But to add, going along the lines that LA21st is saying, LA voters finally approved a sales tax increase to fund rapid transit in 1980, after traffic started becoming more and more heavy, and I'm sure the gas crisis of 1979 also contributed to that (remember the odd/even gas days? haha!). LA voters turned down sales taxes to fund rapid transit in 1968 and 1974 (that was the era when BART was created up in the Bay Area), but by 1980, LA took a turn. The 80s was when HRT subway construction was started, and like I mentioned previously, the Blue Line light rail opened between downtown LA and downtown Long Beach in 1990.
__________________
"If the climate were a bank, the U.S. would have already saved it."

---Hugo Chávez
     
     
  #105  
Old Posted Oct 21, 2019, 6:47 PM
JAYNYC JAYNYC is offline
Live From The 212
 
Join Date: Mar 2018
Location: New York, NY
Posts: 704
Quote:
Originally Posted by JManc View Post
Which is what's happening. Houston for example is intensifying in the Loop area but is also still building way out in the exurbs but at least a lot of low-density development in the city itself is being replaced with high density development. These cities are getting expensive hence the rapid densification but also the demand for sprawl
So much opportunity for increased density along Allen Parkway, Midtown and the Washington Corridor over the next decade. Hope the city gets it right.
     
     
  #106  
Old Posted Oct 21, 2019, 7:37 PM
Sun Belt's Avatar
Sun Belt Sun Belt is online now
Love it or leave it : )
 
Join Date: Sep 2017
Location: The Envy of the World
Posts: 4,920
Quote:
Originally Posted by JManc View Post
Which is what's happening. Houston for example is intensifying in the Loop area but is also still building way out in the exurbs but at least a lot of low-density development in the city itself is being replaced with high density development. These cities are getting expensive hence the rapid densification but also the demand for sprawl
And that is why Texas cities will continue to grow. They can infill, Dallas can better utilize their rail system, Houston can continue to expand theirs and will be in a better situation than 11 million person 1990 Los Angeles was.

Like you said, as the core becomes more expensive, it'll continue to densify along with suburban/exurban sprawl.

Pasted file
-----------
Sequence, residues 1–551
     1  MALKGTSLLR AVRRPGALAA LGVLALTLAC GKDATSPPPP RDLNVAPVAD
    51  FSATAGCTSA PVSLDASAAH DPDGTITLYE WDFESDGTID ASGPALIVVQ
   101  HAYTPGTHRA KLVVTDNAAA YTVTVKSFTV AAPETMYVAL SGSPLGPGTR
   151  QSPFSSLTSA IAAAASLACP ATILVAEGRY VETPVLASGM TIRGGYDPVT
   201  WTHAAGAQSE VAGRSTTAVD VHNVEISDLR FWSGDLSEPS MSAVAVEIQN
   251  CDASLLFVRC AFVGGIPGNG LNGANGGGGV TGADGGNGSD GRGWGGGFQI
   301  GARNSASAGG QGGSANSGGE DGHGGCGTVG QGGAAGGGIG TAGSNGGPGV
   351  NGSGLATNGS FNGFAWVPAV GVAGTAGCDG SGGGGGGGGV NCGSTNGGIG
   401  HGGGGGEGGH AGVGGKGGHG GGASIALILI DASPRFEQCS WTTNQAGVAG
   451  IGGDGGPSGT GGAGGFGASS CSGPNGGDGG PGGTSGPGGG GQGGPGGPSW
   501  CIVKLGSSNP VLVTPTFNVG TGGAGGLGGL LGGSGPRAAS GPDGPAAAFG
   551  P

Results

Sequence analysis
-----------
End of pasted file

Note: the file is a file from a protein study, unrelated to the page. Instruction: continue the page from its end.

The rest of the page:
LA is contained by mountains, sea and deserts. The few areas that are sprawling outwards will continue to grow, but that is largely contained in Riverside County to the east.
     
     
  #107  
Old Posted Oct 21, 2019, 7:59 PM
LA21st LA21st is offline
Registered User
 
Join Date: Jul 2002
Posts: 3,635
Yea, I don't see them being in a better position, at al. A couple rail lines isn't gonna be enough.

And LA metro was around 15 million in 1990.
     
     
  #108  
Old Posted Oct 21, 2019, 8:14 PM
Sun Belt's Avatar
Sun Belt Sun Belt is online now
Love it or leave it : )
 
Join Date: Sep 2017
Location: The Envy of the World
Posts: 4,920
Quote:
Originally Posted by LA21st View Post
And LA metro was around 15 million in 1990.
I'm going off of MSA numbers, not CSA.

1990: 11,273,720
2018: 13,291,486
     
     
  #109  
Old Posted Oct 21, 2019, 8:16 PM
LA21st LA21st is offline
Registered User
 
Join Date: Jul 2002
Posts: 3,635
edit
     
     
  #110  
Old Posted Oct 21, 2019, 10:22 PM
JAYNYC JAYNYC is offline
Live From The 212
 
Join Date: Mar 2018
Location: New York, NY
Posts: 704
Quote:
Originally Posted by LA21st View Post
Yea, I don't see them being in a better position, at al. A couple rail lines isn't gonna be enough.
Denial: it ain't just a river in Egypt.
     
     
  #111  
Old Posted Oct 21, 2019, 10:34 PM
homebucket homebucket is offline
Registered User
 
Join Date: Jan 2012
Location: The Bay
Posts: 848
Quote:
Originally Posted by LA21st View Post
Someone should show LA's bus coverage on the MTA map. It's incredibly extensive. No other Sun Belt city (and even cities like DC) don't have anything like that.

Basically every large surface street has it's own bus route, even in the SFV and in many suburbs. The busier routes have Rapid, which helps alot too.